Obfuscation – and pesky strings

A friend of a friend asked

"When .NET code is compiled a program called Reflector can be used to decompile the binary file in to its original code. I understand there are tools called Obfuscators that will make the code harder to read, but it can still be decompiled and read in plain text. The problem with obfuscation is that any database username and passwords in the code are still readable as plain text. Is there anyway to stop this problem?"

This is a big old topic (the "do you really need to store the username and password in the code" is a good place to start) – but it also points out a common misconception about .NET code and obfuscation. Many folks assume that the free obfuscator we ship in the box 

  1. Represents all that obfuscators are able to do and
  2. There is no other approach than obfuscating

In reality

  1. Many companies create more powerful obfuscators than the one we ship in the box – which include features such as string encryption (all string or selected strings)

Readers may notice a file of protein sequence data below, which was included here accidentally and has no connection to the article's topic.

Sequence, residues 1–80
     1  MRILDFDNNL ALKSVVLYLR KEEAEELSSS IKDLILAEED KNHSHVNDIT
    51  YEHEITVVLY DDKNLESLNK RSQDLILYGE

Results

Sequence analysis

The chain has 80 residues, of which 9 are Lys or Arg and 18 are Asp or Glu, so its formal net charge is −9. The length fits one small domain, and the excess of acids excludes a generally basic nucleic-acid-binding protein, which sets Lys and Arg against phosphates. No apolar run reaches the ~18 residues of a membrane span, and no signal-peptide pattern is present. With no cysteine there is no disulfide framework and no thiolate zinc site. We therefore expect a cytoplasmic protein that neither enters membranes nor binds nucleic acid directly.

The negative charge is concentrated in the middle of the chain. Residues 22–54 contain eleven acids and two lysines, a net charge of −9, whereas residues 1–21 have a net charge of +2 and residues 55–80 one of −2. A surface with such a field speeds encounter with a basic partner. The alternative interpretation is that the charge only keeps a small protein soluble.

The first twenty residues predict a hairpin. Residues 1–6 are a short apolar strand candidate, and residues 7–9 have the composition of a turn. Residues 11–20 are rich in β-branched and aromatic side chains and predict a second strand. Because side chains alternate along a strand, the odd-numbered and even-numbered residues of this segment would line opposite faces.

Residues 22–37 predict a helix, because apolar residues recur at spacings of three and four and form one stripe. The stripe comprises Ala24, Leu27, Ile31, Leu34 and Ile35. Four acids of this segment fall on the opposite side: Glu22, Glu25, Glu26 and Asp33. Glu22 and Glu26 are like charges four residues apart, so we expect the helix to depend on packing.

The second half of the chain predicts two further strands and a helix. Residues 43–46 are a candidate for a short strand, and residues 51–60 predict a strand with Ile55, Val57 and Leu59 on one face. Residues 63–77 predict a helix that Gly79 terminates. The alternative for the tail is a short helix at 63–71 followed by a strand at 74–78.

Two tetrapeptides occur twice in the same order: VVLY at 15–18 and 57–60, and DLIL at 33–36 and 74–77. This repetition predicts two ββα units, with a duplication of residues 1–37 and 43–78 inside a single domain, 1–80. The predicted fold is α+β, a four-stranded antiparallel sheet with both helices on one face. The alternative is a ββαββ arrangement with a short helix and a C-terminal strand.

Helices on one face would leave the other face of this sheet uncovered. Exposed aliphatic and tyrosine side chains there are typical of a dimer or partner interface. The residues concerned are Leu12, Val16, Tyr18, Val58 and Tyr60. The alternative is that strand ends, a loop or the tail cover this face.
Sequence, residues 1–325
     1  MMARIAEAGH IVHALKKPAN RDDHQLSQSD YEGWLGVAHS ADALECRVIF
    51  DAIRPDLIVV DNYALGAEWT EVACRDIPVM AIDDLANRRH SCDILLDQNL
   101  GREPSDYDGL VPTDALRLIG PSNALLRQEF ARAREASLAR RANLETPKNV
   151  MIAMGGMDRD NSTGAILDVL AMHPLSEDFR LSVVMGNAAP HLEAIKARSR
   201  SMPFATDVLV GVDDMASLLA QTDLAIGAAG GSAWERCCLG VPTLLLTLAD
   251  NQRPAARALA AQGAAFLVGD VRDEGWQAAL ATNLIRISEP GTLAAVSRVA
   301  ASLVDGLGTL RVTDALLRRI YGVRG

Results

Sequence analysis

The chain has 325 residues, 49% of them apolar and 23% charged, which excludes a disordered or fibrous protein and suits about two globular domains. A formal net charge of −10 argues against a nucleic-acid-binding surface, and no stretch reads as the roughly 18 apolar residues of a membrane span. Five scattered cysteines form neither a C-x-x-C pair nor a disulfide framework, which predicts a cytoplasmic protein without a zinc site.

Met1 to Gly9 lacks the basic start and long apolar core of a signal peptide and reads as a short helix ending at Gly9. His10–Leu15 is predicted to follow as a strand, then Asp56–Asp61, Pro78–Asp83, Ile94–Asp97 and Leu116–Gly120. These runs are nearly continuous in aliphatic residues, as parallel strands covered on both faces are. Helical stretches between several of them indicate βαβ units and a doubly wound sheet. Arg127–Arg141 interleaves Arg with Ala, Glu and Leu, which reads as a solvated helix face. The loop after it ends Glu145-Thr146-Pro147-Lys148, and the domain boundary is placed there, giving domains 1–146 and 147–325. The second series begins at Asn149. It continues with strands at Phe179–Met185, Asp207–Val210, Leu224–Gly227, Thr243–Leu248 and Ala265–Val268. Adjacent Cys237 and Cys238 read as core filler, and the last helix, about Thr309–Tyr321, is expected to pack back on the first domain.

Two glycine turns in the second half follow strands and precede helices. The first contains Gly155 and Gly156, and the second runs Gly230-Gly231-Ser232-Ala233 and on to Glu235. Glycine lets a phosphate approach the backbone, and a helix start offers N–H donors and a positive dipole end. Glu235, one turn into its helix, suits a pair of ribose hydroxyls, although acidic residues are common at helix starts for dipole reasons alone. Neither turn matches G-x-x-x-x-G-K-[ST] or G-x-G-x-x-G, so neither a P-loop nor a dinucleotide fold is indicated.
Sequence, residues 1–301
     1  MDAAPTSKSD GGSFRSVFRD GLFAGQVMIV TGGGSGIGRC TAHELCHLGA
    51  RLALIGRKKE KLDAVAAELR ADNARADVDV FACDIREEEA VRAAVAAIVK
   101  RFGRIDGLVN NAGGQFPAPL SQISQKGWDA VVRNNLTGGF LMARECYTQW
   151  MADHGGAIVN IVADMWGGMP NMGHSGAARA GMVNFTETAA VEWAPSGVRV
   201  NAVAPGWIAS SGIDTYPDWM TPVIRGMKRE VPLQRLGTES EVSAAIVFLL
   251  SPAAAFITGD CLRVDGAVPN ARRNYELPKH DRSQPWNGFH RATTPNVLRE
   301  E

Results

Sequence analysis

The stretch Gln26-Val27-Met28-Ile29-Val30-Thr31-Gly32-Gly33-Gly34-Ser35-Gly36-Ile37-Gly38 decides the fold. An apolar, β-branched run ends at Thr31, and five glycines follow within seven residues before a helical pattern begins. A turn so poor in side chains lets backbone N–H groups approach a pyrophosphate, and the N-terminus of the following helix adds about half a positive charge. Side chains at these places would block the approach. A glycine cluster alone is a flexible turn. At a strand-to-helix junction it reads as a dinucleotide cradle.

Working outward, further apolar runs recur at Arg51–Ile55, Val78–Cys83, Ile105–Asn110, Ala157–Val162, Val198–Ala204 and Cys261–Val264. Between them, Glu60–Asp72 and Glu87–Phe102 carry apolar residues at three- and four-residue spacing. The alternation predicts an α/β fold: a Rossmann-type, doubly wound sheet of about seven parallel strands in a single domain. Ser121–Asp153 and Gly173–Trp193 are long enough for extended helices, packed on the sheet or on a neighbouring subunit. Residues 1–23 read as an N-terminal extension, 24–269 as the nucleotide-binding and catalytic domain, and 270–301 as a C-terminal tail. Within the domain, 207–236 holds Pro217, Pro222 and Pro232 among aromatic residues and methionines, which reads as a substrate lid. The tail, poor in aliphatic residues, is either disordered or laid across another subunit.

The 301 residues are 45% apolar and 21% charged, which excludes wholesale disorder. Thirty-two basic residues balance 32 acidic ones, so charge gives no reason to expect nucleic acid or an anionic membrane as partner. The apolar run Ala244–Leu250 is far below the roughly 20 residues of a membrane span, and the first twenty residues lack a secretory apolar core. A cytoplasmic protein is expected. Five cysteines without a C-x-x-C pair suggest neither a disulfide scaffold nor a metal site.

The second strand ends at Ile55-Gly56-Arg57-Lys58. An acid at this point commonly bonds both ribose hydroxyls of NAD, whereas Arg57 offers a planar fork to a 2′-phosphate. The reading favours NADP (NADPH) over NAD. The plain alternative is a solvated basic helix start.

2. Obfuscation is just one approach – you can also use techniques such as encrypting launchers and native code compilers.

A good place to start is the howtoguide from August 2005 which includes a great comparison table (As this is a few years old, do check the specifics of each tool at their site as things will have changed).

If anyone has a more recent comparison, please do share. Thanks.

Comments (1)

  1. Alastair says:

    I’ve used two other products your own (Microsoft’s) SLPS (http://www.microsoft.com/slps/ and Xheo’s) CodeVeil (http://www.xheo.com/products/codeveil/default.aspx). Xheo’s approach is much simpler in that it encrypts the entire assembly. One downside is that you have to run the assemblies under full trust as the stub used to decrypt is native code. There are also ways for a determined hacker to get around this type of protection. However, in most instances you are trying to foil the casual reflector user.

    SLPS’ approach is to identify what portions of the code you want to protect your IPR in. There is more of a performance vs. protection balance to be considered with this approach and personally, I believe that IPR is not just about protecting a few ‘clever’ routines, it can be about the entire approach to combining components together.